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Peru: Former President Pedro Castillo seeks asylum in Mexico


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Facing prosecutorial investigations of “stance” and “conspiracy,” Pedro Castillo submitted his request to the Mexican embassy in Lima on Wednesday night into Thursday.

Former Peruvian President Pedro Castillo, who was suspended and remanded in custody, has formally submitted a request to be granted political asylum in Mexico and the Mexican government is in consultation with the Peruvian government, Mexican Foreign Minister Marcelo Ebrard announced Thursday.

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Facing prosecutorial probes of “posture” and “conspiracy,” Mr. Castillo submitted his request to the Mexican embassy in Lima on Wednesday night into Thursday, Mr. Ebrard said, tweeting a copy of a letter from the former president’s lawyer.

The lawyer, Victor Peres, emphasizes that the former president is a victim of “baseless persecution by justice institutions that has taken on a political character.”

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After receiving the request, the Mexican government is “in consultation with the Peruvian authorities”, announced Foreign Minister Ebrard.

Mexico’s ambassador to Lima, Pablo Monroy, was able to meet with Pedro Castillo at his place of detention, a police base in the Peruvian capital, Mr Ebrard added. “He found him well” and found that “his lawyer” was present.

Earlier yesterday, Mexican President Andres Manuel Lopez Obrador revealed that Pedro Castillo called him to request asylum in Mexico.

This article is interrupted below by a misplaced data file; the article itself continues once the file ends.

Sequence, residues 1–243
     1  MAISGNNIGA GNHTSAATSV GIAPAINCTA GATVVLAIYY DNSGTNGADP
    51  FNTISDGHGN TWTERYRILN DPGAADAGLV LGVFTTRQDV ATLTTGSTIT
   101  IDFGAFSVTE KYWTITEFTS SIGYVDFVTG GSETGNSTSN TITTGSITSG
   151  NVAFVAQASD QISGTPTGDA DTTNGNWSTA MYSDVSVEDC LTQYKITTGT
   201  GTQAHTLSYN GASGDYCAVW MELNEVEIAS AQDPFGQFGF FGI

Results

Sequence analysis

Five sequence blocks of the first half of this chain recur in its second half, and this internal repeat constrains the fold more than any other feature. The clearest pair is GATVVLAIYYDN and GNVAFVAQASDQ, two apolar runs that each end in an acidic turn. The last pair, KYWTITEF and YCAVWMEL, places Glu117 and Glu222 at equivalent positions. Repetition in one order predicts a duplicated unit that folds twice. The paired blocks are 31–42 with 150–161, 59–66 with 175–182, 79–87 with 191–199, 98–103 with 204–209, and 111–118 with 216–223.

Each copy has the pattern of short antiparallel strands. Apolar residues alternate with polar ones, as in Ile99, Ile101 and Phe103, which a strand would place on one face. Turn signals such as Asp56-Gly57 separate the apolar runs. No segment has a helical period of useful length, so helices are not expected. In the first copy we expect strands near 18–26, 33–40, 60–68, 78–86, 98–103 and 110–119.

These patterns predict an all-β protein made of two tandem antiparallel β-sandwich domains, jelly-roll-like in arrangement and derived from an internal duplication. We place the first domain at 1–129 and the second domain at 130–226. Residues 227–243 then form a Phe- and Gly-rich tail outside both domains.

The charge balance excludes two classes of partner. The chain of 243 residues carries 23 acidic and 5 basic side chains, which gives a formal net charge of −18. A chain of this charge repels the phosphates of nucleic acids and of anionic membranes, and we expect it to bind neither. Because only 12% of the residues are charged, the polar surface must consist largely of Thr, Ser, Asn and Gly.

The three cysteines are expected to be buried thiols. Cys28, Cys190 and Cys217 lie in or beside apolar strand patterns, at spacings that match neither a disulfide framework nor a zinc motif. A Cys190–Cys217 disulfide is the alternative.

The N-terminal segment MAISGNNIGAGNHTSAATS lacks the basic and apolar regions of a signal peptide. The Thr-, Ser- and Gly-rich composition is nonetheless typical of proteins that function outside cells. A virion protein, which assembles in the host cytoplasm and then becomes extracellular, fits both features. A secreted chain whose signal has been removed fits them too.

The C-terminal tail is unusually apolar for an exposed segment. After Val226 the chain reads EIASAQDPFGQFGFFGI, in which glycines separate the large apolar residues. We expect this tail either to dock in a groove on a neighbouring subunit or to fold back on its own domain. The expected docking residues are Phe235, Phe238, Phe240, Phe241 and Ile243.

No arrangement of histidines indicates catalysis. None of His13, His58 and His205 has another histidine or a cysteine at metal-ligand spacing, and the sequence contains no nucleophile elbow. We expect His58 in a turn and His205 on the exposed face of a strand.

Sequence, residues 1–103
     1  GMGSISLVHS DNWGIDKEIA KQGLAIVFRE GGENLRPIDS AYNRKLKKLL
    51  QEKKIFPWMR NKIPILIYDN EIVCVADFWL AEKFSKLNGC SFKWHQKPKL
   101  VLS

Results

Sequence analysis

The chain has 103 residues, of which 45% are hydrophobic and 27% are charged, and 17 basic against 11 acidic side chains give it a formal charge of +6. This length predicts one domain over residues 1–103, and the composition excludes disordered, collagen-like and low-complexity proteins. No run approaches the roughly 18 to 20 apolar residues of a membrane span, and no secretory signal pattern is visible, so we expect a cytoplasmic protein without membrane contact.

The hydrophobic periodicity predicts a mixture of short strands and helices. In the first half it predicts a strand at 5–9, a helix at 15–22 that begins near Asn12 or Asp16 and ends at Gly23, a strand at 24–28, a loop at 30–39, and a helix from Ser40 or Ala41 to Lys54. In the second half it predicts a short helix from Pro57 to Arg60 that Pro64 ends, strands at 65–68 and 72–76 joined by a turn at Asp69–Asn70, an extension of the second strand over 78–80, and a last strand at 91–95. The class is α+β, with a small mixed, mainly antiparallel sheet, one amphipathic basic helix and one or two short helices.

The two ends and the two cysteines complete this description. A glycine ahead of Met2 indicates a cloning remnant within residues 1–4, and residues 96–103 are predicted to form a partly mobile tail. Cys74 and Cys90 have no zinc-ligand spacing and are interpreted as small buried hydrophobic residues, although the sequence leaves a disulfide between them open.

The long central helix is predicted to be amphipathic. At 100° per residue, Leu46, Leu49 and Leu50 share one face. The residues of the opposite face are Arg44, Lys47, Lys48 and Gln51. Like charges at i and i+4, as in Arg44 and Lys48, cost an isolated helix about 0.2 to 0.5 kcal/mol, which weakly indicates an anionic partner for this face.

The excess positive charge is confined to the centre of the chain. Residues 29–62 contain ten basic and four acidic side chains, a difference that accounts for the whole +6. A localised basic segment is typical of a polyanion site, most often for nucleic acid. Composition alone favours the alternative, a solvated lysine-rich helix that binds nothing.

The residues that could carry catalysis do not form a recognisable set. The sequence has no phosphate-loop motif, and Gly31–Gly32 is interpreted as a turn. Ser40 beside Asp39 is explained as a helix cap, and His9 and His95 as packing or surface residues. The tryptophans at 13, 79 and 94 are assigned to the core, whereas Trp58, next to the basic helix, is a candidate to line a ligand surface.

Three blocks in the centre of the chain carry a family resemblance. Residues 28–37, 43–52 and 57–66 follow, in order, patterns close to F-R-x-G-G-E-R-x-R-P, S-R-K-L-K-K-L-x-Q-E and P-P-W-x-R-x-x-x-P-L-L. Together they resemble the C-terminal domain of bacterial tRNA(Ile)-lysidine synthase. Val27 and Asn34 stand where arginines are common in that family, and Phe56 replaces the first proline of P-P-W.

The Mexican president (nationalist left) judged that Mr. Castillo had become a victim of the Peruvian “economic and political elites”.

Mexico will wait “a few days” before recognizing new president Dina Bolluarte, who was sworn in on Wednesday.

Peruvian justice ordered yesterday Thursday that former president Castillo be detained in principle for seven days.

Pedro Castillo was suspended on Wednesday following a parliamentary vote, hours after announcing his “dissolution,” a maneuver that was quickly denounced as an attempted “coup” by various figures, including his former vice president and now successor.

The 53-year-old former teacher and trade unionist’s “stance” and “conspiracy” prosecutions add to six other corruption or influence-peddling investigations into him, cases that also involve members of his family and his political environment. The person concerned denies the accusations, says they are registered in the context of his “persecution”.

Mexico has a long tradition of granting asylum to persecuted figures. In 2019, it granted asylum to former Bolivian president Evo Morales. President López Obrador has also offered asylum to Julian Assange, the founder of WikiLeaks.


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